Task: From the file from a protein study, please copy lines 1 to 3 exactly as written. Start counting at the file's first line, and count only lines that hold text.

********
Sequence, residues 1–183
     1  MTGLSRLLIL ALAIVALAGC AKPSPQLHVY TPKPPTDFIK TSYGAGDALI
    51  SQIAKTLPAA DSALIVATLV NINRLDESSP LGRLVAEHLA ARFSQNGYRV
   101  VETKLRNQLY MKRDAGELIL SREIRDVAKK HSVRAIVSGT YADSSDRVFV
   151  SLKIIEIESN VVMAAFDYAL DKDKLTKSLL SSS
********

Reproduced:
Sequence, residues 1–183
     1  MTGLSRLLIL ALAIVALAGC AKPSPQLHVY TPKPPTDFIK TSYGAGDALI
    51  SQIAKTLPAA DSALIVATLV NINRLDESSP LGRLVAEHLA ARFSQNGYRV